In March 2014 I headed over to Copenhagen, Denmark for 5 nights. One of the advantages of living in Europe near an airport (Bristol) is that it’s easy to fly somewhere for a brief trip at short notice, so I decided to use the few days off I had from work to visit the city, booking only 3-4 weeks in advance. Not exactly ‘last minute’ but still less planned than other trips i’d taken in the past.
I arrived in the city, checked in at the hostel and went for a wonder. I decided to leave some of the main sites for later in the week. First off I went and looked at Christiansborg Slot (Slot basically means Palace or Castle I think) which contains the Parliament building and the area around there. It was an impressive building and there a couple of grand statues around it as well. After that I went for something drastically different and went to look around Christiania, a commune established on an old military base which is home to around 850 people. It’s a very interesting place. You can’t really take photos inside so only have one of the entrance. The main area had several people selling certain substances, and that was certainly the theme of the street art, several stalls and all the signs saying things like ‘Remember marijuana is illegal in Denmark – don’t take photographs’ and ‘Don’t run it causes panic’. Some that area did feel a bit intimidating, but it also felt very ‘free’. Once you go past that area there is a large lake with a path around it. It was cool to see the way people had made houses from the military buildings and how they had cobbled things together.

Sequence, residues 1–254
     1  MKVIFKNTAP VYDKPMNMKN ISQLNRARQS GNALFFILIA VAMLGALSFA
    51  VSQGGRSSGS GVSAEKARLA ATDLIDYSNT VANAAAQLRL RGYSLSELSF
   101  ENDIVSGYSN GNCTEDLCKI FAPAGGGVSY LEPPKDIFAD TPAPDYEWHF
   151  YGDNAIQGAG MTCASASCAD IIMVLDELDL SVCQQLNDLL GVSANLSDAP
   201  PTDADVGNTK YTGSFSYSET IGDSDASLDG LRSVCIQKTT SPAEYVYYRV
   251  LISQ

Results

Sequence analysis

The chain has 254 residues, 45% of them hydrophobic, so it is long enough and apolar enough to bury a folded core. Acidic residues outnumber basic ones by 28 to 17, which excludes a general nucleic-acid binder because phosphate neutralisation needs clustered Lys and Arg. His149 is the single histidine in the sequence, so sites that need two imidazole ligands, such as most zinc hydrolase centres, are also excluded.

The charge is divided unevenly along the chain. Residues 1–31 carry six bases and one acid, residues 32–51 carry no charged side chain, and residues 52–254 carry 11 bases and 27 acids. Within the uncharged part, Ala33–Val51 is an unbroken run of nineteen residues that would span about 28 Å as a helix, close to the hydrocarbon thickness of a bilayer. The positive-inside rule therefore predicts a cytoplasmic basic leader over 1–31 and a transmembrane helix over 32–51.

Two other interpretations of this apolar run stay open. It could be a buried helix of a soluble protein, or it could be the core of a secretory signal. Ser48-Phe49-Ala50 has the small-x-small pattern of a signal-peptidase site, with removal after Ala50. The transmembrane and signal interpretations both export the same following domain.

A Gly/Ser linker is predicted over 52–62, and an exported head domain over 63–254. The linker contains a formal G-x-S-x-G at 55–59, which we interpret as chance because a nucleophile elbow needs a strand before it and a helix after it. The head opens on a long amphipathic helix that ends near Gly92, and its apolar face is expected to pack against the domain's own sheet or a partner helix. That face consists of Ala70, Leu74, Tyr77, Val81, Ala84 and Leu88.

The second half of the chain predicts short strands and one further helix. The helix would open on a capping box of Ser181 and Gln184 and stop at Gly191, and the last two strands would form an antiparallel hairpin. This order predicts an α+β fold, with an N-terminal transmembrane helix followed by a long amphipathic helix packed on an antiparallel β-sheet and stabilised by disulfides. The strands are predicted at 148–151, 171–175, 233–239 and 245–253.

After that I looked around a couple of the canals, the buildings lining them are quite interesting, especially when the resident shave been inventive with the colouring. That evening turned into a very drunken affair as the hostel was very lively and there was a great bunch of people, a real mixture, we played drinking games for a while then headed to a nearby club. Suffice to say I was pretty hung over the next morning, though chatting to people at Breakfast helped perk me up. I headed to the National Museum of Denmark (Nationalmuseet) which has a great run through of the country’s history. Yes there is stuff on the vikings, including some Runestones which got me very excited!
The museum covers 14,000 years of the nation’s history, so there is good variation, from the stone age through to the modern times. So as well as things like swords and armour there are bits on Danish political movements culture in the 19th and 20th Century, and everything in between. After that I went for a long walk though the city. I headed to Nyhavn first, which is the well-known waterfront area, famous for its brightly coloured buildings as well as the ships docked along it. Very pretty!